The aims of the School are set out in four categories: artistic, spiritual, charitable and business. All are rooted in a Christian worldview with the primary aim of teaching people to see in a full and deep way: learning the discipline of looking. The German expressionist painter Max Beckmann said, ‘If you want to get hold of the invisible, you must penetrate as deeply as possible the visible.‘ By exploring the world around us, we can get to know our Creator. Furthermore, the beauty and wonder of creation gives to art a language of order, beauty and expression; it is a language that should be explored with eye, hand, mind and feeling.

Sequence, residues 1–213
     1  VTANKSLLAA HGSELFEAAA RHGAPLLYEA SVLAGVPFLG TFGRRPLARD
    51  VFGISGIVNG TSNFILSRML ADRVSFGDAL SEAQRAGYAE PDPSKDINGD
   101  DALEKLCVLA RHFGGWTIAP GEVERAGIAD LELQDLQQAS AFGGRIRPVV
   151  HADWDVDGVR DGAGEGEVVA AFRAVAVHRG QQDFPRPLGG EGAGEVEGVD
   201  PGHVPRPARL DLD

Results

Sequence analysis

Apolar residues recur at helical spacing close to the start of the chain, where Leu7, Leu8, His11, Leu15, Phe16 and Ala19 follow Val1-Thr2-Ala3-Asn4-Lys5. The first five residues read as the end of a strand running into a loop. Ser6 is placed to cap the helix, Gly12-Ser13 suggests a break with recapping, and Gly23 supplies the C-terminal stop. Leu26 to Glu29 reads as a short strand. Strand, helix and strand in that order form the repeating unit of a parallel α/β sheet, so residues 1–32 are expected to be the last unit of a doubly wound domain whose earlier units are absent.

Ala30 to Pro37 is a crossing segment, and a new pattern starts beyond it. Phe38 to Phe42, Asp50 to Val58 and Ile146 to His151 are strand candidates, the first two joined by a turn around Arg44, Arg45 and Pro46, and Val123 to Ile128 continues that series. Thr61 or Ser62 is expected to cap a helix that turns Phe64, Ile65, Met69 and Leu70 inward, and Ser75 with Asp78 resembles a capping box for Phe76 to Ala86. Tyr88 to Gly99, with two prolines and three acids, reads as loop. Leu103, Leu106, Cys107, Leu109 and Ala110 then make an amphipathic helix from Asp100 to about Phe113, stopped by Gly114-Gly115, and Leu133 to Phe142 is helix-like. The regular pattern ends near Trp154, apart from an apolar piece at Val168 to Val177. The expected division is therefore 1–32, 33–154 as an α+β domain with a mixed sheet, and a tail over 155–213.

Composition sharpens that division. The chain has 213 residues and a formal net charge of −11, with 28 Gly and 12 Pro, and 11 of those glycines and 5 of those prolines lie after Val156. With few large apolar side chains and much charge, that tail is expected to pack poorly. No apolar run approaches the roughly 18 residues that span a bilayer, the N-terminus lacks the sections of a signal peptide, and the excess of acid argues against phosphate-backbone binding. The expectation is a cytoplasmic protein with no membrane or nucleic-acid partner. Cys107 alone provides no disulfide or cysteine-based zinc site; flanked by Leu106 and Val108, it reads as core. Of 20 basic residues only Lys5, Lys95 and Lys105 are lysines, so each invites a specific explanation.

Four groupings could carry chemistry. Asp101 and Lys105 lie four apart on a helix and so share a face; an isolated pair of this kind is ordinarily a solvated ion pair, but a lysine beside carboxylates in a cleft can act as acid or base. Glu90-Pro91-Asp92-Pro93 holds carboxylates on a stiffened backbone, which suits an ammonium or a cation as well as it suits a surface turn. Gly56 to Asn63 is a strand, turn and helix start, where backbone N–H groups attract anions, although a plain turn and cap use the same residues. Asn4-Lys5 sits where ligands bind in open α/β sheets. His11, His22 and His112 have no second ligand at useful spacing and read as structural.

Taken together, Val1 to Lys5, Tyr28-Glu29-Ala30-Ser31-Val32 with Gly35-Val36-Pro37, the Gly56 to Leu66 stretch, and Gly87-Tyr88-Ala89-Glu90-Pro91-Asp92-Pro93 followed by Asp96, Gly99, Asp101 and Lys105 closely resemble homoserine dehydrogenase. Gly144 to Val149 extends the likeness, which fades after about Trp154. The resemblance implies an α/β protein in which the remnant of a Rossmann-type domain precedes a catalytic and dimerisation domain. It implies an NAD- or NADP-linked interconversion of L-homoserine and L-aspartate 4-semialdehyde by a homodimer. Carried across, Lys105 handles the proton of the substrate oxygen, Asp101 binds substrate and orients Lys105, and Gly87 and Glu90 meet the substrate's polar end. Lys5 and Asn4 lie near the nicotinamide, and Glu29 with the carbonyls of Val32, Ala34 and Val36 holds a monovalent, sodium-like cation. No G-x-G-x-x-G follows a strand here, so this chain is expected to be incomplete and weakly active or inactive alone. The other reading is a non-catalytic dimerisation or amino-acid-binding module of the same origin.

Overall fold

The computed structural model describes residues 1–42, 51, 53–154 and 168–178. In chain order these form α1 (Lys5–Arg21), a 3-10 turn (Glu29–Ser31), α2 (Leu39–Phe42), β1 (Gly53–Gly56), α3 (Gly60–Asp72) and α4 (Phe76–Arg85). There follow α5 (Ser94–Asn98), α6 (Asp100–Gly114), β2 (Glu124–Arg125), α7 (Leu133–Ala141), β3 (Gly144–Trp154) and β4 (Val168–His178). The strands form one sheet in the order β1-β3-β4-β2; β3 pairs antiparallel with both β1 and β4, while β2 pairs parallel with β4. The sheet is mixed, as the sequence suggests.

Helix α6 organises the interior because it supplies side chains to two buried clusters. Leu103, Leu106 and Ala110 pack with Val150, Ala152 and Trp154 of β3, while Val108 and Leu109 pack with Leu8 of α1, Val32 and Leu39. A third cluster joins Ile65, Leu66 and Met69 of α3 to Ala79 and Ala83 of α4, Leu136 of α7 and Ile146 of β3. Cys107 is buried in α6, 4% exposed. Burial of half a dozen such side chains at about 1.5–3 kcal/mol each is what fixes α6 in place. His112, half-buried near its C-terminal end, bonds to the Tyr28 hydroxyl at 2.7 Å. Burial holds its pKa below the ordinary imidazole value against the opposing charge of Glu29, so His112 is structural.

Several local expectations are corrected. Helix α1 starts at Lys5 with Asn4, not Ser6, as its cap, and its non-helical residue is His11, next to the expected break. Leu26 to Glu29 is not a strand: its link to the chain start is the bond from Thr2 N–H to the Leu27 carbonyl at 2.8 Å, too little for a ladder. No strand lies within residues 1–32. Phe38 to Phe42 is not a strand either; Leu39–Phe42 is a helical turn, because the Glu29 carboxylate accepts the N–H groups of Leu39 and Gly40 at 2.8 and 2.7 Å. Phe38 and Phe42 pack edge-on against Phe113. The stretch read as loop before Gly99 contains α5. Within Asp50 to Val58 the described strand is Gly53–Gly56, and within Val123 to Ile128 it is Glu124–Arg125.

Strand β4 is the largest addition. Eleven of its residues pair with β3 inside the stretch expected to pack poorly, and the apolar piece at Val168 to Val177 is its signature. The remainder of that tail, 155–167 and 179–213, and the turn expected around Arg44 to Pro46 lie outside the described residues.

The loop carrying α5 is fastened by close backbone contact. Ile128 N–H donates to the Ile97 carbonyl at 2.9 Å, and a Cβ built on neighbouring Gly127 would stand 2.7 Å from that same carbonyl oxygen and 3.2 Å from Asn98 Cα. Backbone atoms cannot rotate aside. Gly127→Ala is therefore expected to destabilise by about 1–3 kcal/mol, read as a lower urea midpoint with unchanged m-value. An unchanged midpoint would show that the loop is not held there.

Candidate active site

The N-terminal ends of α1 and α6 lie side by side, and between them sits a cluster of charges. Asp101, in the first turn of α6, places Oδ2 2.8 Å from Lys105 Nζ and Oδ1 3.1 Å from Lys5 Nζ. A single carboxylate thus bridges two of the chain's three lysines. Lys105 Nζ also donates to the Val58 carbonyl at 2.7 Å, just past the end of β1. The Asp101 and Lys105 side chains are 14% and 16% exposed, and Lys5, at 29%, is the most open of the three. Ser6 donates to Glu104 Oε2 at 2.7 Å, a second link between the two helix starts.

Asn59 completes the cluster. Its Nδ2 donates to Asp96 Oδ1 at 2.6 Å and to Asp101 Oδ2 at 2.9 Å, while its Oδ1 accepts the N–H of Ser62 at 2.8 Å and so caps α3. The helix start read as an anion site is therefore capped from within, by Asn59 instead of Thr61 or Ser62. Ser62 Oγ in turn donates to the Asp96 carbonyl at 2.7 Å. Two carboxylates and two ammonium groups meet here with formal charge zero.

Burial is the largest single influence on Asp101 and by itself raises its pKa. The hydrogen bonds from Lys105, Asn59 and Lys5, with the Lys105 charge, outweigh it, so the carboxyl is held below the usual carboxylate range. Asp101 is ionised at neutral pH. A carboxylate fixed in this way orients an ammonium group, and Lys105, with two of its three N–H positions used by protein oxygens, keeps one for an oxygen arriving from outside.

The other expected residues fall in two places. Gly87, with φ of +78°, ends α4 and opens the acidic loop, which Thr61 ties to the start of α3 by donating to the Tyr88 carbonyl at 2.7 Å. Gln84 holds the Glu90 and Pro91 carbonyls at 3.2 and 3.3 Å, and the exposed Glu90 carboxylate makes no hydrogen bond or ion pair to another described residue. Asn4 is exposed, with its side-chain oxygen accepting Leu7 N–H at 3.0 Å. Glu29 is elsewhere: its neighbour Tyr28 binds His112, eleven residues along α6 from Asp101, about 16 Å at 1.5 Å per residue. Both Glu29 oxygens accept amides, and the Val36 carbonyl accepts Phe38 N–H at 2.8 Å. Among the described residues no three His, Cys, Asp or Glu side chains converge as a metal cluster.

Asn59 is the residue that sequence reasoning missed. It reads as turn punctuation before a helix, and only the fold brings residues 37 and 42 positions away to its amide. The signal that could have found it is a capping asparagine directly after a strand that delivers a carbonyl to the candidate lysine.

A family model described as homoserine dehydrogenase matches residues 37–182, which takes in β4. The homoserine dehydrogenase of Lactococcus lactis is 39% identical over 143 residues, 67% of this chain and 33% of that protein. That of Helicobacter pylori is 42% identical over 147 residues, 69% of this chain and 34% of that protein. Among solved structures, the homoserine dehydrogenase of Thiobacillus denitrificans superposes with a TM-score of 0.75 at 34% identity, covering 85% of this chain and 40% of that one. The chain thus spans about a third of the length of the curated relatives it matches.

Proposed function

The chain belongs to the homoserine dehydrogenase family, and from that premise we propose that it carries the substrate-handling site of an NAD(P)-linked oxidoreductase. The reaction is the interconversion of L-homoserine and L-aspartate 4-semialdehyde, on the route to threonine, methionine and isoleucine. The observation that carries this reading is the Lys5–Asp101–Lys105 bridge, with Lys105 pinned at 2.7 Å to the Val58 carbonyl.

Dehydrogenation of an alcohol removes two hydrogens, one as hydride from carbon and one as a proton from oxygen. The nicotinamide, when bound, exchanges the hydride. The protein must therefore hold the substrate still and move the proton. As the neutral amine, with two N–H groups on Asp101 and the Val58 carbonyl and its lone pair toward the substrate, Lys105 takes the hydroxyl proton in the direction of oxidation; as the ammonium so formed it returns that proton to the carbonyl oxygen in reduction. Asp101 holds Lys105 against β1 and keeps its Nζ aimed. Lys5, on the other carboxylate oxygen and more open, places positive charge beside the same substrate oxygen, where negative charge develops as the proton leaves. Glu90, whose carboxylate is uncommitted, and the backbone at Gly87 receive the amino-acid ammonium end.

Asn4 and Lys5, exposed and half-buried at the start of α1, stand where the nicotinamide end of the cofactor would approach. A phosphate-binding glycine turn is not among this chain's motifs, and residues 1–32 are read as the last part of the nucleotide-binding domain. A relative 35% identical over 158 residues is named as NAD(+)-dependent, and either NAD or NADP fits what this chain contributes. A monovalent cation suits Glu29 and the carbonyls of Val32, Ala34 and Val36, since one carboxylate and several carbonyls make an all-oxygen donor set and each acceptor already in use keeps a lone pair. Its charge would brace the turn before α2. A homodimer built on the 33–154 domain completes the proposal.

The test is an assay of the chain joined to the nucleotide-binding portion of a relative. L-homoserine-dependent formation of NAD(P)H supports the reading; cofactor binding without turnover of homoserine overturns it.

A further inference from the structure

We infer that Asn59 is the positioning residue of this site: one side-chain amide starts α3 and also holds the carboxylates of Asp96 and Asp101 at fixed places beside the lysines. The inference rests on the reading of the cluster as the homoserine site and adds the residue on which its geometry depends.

At the heart of the School is a commitment to the individual where constructive criticism is balanced with care and encouragement. The teaching provides a framework through which each individual can develop their own personal response with purpose and direction while learning and sharing their experience within a supportive group. All studio practice is underpinned with studies in the history of art and design. We believe that traditional roots are essential but must be balanced with an awareness of contemporary culture and a desire to push the boundaries of art forward. Many successful artists are reflecting the culture they live in. However, we support Friedrich Schiller in his statement: ‘Live with your century but do not be its creature. Work for your contemporaries, but create what they need, not what they praise.’